I spotted one potential spot as I drove home, going south on Howell, the Salvation Army Community Center. I decided to call the Salvation Army after Scott Ziegert recommended it and told me that his daughters participated in sports leagues there. I called and talked to Mark at the Sal. We easily worked out the details and a contract was signed. New location easily found. Sayonara Four Points Sheraton. I knew that after four years of renting space at the Clarion/Sheraton, my card show was the only regular event at the hotel. In addition, the hotel got great exposure through my show as attendees saw the event space and some rented space for their events. It will never make any sense as to why they messed with me and kicked me out. Their loss!
The November 2018 Four Points Sheraton Show was the largest to date. Management changed again, this time the new hotel manager was our own Mike Mahan, who regularly set up at the show. The last two months at the Four Points Sheraton were a breeze thanks to Mike.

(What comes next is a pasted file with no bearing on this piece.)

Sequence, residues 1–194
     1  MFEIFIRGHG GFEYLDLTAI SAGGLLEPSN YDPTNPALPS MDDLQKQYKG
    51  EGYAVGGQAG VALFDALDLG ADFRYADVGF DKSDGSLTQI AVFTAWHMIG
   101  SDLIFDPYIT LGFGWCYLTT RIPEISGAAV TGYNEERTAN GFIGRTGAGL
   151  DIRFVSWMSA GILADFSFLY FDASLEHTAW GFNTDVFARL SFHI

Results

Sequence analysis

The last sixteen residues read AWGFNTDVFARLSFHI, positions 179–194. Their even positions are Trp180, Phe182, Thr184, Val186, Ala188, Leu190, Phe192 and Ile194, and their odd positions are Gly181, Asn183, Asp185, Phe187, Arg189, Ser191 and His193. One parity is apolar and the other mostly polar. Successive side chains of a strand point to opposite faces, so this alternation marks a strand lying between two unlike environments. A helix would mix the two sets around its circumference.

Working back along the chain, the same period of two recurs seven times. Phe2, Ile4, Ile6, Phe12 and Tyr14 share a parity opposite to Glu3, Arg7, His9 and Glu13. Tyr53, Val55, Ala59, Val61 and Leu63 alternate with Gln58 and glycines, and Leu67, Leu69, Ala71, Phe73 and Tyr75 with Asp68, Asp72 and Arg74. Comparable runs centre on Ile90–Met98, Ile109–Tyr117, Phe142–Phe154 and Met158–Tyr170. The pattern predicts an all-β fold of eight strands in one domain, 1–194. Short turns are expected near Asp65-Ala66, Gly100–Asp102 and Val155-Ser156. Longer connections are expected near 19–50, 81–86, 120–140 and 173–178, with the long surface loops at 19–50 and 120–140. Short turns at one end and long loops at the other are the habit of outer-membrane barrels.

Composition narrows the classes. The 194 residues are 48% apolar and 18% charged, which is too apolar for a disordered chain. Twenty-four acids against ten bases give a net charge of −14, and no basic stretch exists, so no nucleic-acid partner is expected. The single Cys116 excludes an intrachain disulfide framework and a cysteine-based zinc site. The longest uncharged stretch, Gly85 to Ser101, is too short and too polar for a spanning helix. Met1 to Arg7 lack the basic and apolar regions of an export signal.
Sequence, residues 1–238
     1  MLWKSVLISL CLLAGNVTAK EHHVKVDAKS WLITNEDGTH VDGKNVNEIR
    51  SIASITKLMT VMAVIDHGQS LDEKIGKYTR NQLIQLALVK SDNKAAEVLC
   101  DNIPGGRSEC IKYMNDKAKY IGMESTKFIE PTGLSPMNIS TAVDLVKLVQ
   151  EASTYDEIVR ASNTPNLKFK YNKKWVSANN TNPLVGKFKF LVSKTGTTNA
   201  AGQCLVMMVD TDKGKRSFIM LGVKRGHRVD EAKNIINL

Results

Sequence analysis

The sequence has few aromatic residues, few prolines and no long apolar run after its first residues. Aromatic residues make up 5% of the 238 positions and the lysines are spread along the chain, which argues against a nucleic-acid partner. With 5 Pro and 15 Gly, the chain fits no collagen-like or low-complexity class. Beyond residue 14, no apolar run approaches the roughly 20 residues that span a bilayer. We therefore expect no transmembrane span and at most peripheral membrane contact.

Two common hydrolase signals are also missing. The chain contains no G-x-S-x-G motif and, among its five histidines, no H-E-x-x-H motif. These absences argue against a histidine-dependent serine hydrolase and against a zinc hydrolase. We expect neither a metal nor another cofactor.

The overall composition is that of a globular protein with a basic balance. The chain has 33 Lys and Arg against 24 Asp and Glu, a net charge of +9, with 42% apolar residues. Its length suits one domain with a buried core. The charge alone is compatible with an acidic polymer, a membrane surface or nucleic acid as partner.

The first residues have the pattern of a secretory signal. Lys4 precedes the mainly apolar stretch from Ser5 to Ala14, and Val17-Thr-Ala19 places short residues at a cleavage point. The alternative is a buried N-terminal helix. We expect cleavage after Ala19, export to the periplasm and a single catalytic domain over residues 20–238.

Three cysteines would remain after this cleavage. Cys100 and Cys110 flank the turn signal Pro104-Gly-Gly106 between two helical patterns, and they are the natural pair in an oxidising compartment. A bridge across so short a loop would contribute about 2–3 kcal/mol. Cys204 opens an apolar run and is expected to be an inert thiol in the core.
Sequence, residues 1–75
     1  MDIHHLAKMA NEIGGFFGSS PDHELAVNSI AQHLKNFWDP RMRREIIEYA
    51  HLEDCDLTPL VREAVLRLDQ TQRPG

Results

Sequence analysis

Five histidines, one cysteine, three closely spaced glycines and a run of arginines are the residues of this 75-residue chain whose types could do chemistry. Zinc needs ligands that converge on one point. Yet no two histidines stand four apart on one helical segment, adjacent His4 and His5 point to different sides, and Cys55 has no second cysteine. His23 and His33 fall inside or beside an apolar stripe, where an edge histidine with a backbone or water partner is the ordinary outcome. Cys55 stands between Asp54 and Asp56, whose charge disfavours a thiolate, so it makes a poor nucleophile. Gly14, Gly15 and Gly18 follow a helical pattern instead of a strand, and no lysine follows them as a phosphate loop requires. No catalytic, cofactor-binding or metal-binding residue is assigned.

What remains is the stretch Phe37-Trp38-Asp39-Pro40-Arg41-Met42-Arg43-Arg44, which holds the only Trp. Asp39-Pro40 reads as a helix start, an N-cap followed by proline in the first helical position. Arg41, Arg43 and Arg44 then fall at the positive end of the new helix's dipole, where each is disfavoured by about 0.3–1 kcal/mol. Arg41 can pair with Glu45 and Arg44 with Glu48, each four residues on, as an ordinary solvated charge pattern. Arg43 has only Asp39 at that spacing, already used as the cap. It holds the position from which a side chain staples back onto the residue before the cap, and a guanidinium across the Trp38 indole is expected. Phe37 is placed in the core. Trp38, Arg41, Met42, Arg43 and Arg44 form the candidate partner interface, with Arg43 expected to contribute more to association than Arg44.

Pictured below is the November 2018 Four Points Sheraton show.
I was really sad at that December 2018 show. It had been a wild four years. The show almost died several times but it and I perservered. I had grown accostomed to my routine at the Clarion/Four Points. I was not sure what was in store for the future. The June 2015 show is forever cemented in my mind. I was concerned that now that I had worked so hard to establish the show at the Clarion/Four Points, would dealers and customers follow me to the Salvation Army?
HELLO SALVATION ARMY COMMUNITY CENTER!
I took January off for a much-needed respite. First show at the new venue was in February of 2019. From the beginning Mark and everyone at the Salvation Army worked as my partner. What a nice change from the Four Points Sheraton. That first show in February 2019 was a MONSTER show! Oh my. I was flooded with dealers and customers.